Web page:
Northern Ireland

Sectarian parties will exploit Scottish referendum

The question of an independence referendum in Scotland has provoked rumblings on both sides of the sectarian divide here. Peter Robinson has said that Unionists must not “stand idly by”, but instead do what they can to convince the Scottish people to remain within the Union. On the other hand, Martin McGuinness has welcomed the SNP’s move and suggested that they would like to see a similar vote on a united Ireland take place in the near future – perhaps in 2016, the centenary of the Easter Rising.

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Release Brendan Lillis

Brendan Lillis is a West Belfast man who is currently imprisoned in Maghaberry Prison despite a campaign that he be released on compassionate grounds. At the time of writing it has been reported that he has been moved from prison to an outside hospital, but he remains a prisoner.

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East Belfast riots: Stop ALL Sectarian attacks

Two weeks ago, rioting took place around the Catholic Short Strand enclave in predominantly Protestant east Belfast, in Northern Ireland. Petrol bombs and other missiles were thrown and shots were fired in some of the worst rioting in the area for a decade. The PSNI (Police Service of Northern Ireland) used water cannon and plastic bullets.

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Northern elections: historic low turnout – a rejection of Assembly parties

The recent elections took place as the North faces into the deepest cuts to public spending in its history. The Executive parties have agreed to slash £4 billion from the budget over the next four years. Peter Robinson said this would be Northern Ireland’s first “bread and butter” election. However, the only significant reflection of this was in the historically low turnout.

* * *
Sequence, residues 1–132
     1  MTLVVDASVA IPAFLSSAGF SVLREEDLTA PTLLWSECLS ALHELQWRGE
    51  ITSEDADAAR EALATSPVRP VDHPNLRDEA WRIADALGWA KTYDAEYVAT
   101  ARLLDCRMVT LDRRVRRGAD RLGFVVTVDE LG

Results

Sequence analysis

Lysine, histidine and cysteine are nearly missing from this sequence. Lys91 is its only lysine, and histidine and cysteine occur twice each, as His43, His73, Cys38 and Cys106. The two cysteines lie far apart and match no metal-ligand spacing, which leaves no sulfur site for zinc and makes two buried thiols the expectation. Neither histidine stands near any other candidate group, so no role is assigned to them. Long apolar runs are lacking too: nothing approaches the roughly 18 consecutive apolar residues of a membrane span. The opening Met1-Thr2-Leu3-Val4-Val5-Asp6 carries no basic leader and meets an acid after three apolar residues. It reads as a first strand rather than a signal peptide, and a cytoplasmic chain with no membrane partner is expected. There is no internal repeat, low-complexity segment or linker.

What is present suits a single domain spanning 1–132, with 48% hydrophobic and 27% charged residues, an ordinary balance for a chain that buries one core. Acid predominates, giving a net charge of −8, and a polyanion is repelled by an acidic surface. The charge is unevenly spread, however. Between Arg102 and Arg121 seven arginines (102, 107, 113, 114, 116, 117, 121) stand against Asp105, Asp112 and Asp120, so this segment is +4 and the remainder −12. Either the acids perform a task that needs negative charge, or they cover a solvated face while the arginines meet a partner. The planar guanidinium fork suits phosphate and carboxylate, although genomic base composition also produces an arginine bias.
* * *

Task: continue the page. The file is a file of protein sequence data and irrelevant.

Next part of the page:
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Socialist challenge in Northern elections

On May 5, people in the North will turn out to vote in elections to the Northern Ireland Assembly and local councils. The backdrop to these elections will be the passing of a four year budget containing enormous cuts to public services, privatisation of state assets and wage cuts for public sector workers.

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Northern Ireland: Assembly parties agree on CUTS, CUTS, CUTS

The cuts are coming – and the parties in the Assembly are not standing in their way – they have agreed that they will implement them, not oppose them. One after another, all the parties in the Assembly Executive are queueing up to identify where cuts can be made – cut education spending, privatise the Housing Executive, close hospitals, sell off Belfast Harbour, increase household rates for ordinary workers, cut civil service workers pay, introduce water charges…

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Tory cuts bloodbath must be resisted

A savage attack has been launched on working class people in Northern Ireland. The Comprehensive Spending Review announced by the Tory-Lib Dem Coalition government on 20 October represents around a 6.9% cut in public spending in the North over the next four years. This amounts to some £4 billion in revenue spending, and a 40% reduction in capital spending (on roads, hospitals and other public projects).

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Riots expose reality of sectarianism

Fierce rioting erupted in Ardoyne after an Orange Order parade on 12 July and continued for three days. The period before, over and after this year’s Twelfth was also marked by rioting in other areas and a number of gun and bomb attacks. There was trouble across Belfast - including the New Lodge, Broadway, the Markets, Short Strand, Ormeau Road-and in Derry, Armagh, and Lurgan.

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